The REINZ property report shows that although an average of 47 less houses per day were sold in August 2017 compared with August 2016, prices are not falling. Home owners are holding onto property unless they absolutely have to sell. The imminent election, Winter and the LVR changes have all conspired to slow the market and return it to a more normal market.Harcourts CEO Chris Kennedy breaks down the national sales data and explains the effect the election is already having on the real estate market.
National Overview - August 2017
Across New Zealand, new listings were down in August by over 21% compared to the previous year.
However, this is to be expected in the month leading up to an election, with listings generally down by around 20% before we go to the polls.
Sales were also down by 11% nationally compared to 2016, with the biggest drop in the central region of 20%.
Harcourts NZ CEO Chris Kennedy says he expects to see a recovery after the election, when speculation around the government is over.
“However, it is also undeniable that there has been a general slowing in the housing market across New Zealand, and particularly in Auckland, due to Reserve Bank restrictions and a sharp decline in the number of foreign buyers.”
Kennedy says there will not be a “crash” as low supply and high demand remain the main drivers of New Zealand’s property market.
Net immigration in the year to March 31 was close to 72,000, with construction of new houses not coming close to keeping up with demand.
Chief Executive Officer
Harcourts New Zealand
REINZ Head of Marketing Vanessa Taylor has just released her report on the New Zealand property market for August. There has been a fall Nationally of 17.5% in property listings which is not unusual in the lead up to an election and Winter.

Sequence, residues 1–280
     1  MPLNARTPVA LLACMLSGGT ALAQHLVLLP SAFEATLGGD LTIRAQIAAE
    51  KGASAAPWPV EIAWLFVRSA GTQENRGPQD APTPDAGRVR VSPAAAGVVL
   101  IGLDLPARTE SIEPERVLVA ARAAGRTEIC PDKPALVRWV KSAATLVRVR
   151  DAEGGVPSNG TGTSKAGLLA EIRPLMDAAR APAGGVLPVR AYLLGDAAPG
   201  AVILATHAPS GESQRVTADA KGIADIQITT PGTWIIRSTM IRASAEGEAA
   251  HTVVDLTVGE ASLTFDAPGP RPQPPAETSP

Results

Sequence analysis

What is interesting is the changes that have occurred in demand across the country and the areas which are now experiencing an increase which is also leading to an increase in price.
Harcourts CEO Chris Kennedy breaks down the national sales data and explains the effect the election is already having on the resl estate market.
As election day nears, sales are down across the country by 18%.
Harcourts CEO Chris Kennedy says it’s a time when many New Zealanders hold off on making important financial decisions, to see the lay of the land after election night.
“At Harcourts we traditionally see a dip in the number of new listings and sales in the weeks leading up to an election, as much as 20%. And then when the results are known and people are feeling secure again, listings return to their pre-election levels.
“To a lesser extent, the same phenomenon occurs in winter. People believe it’s a smart move to wait until the spring before selling and, resultantly, sales drop because there is less choice on the market.”
However, Kennedy says it is inarguable that the property market has dropped from the heights of 2015/16.
There are many reasons for an overall drop in sales. Investment has fallen off due to the Inland Revenue Department’s introduction of the bright-line rule, the Reserve Bank’s loan to value ratio restrictions, and foreign investors facing a more difficult task in transferring money out of their countries.
The good news is regardless of what happens during the election, our economy is thriving and business confidence is high. This is not going to change overnight.